The climate maps represent the spatial dispersion of the systematic climatic ratio on the Earth. Therefore, they provide a good overview of the key climate characteristics of a region. For reasons of content and didactic reduction, only a few climate parameters are taken into account. It is only possible to typify and classify, despite the continuous changes of the climatic conditions on earth abstractly affected by the climate. As a result, climate classifications are an important basis of geographical spatial analysis.
Hygric Climates Helped by the number of humid months, different humidity and aridity grades can be distinguished. The hydrology is thereby based on Lauer/Frankenberg's scientifically substantiated humidity concept. This compares the monthly precipitation (N) of the corresponding sum of potential landscape evaporation (PLV) to the actual physical precipitation contra size. In this way, the climatic hydrological balance of an area can be accurately quantified. Here, the PLV is reached on the basis of the potential evaporation of free water level (pV) and one charge of vegetation and land type, dependant conversion factor (Uf) to the equation pLV = pV?Uf calculation. Reaching or exceeding a month's precipitation amount, with the corresponding value of potential landscape evaporation (N ? pLV), would be defined as humid. In the opposite case, (N < pLV) this would be defined as arid. Through the amount of humid months, one can frame the classification concept of four different hygric climate types. The individual humidity or aridity classifications are abbreviated by the lowercase letters a (arid), sa (semi-arid), sh (semi-humid) and h (humid).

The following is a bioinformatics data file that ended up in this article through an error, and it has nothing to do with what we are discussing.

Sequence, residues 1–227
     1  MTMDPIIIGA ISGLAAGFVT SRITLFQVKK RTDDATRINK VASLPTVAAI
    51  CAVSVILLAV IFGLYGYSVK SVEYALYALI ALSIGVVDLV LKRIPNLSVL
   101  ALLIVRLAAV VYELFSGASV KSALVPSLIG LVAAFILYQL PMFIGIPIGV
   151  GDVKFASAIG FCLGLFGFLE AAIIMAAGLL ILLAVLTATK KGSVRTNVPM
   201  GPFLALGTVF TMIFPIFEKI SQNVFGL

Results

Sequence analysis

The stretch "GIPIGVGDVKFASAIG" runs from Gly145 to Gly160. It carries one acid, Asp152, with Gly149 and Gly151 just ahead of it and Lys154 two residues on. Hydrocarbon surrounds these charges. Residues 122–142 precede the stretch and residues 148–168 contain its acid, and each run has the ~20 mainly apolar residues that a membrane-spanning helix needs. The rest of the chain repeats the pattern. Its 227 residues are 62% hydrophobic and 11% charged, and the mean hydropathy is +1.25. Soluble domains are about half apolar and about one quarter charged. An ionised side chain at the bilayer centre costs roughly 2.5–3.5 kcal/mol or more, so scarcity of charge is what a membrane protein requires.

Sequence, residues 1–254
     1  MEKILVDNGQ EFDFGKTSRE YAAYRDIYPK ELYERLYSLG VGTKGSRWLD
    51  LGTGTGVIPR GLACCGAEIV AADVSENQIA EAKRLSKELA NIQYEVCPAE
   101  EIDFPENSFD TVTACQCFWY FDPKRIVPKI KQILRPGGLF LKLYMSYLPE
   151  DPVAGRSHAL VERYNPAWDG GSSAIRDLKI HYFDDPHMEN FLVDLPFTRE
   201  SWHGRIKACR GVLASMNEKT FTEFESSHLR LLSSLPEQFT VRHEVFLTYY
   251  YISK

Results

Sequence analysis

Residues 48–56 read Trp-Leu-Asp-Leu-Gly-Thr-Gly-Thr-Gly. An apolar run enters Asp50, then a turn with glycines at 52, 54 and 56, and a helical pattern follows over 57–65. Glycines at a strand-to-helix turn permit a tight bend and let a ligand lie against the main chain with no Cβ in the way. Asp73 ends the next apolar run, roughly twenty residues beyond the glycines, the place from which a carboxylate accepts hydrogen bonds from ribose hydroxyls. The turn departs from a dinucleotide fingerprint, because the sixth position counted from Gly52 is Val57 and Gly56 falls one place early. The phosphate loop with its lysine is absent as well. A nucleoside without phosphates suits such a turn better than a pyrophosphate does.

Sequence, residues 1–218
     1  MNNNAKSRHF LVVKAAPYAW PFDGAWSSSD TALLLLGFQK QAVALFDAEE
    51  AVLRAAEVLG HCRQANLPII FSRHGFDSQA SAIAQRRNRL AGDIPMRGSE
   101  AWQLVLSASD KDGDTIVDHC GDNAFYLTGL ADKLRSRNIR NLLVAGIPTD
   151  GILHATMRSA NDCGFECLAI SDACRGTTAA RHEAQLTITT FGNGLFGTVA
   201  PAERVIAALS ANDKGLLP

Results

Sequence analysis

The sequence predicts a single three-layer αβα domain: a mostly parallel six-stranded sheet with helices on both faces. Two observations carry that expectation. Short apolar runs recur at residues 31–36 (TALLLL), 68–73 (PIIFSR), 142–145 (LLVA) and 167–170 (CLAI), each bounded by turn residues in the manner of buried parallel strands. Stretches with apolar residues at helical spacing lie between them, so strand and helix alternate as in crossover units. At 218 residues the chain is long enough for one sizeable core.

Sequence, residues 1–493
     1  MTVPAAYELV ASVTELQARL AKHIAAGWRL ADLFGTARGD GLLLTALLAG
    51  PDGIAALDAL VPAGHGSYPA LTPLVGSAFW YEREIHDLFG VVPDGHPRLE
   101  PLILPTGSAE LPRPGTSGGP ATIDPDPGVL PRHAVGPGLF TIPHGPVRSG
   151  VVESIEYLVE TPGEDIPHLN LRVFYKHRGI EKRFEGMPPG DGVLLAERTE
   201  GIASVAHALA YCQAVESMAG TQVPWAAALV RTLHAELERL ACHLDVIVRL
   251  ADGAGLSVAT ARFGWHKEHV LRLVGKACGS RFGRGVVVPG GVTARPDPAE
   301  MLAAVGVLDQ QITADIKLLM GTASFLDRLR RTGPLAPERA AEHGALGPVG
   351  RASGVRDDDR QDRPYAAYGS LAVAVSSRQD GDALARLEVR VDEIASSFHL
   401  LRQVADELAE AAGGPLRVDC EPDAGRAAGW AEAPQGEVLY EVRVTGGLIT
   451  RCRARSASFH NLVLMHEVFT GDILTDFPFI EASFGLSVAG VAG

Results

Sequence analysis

arid (a): 0 to 2 humid months. semi-arid (sa): 3 to 5 humid months. semi-humid (sh): 6 to 9 humid months. humid (h): 10 to 12 humid months. A. Siegmund; Ü: C. Fleming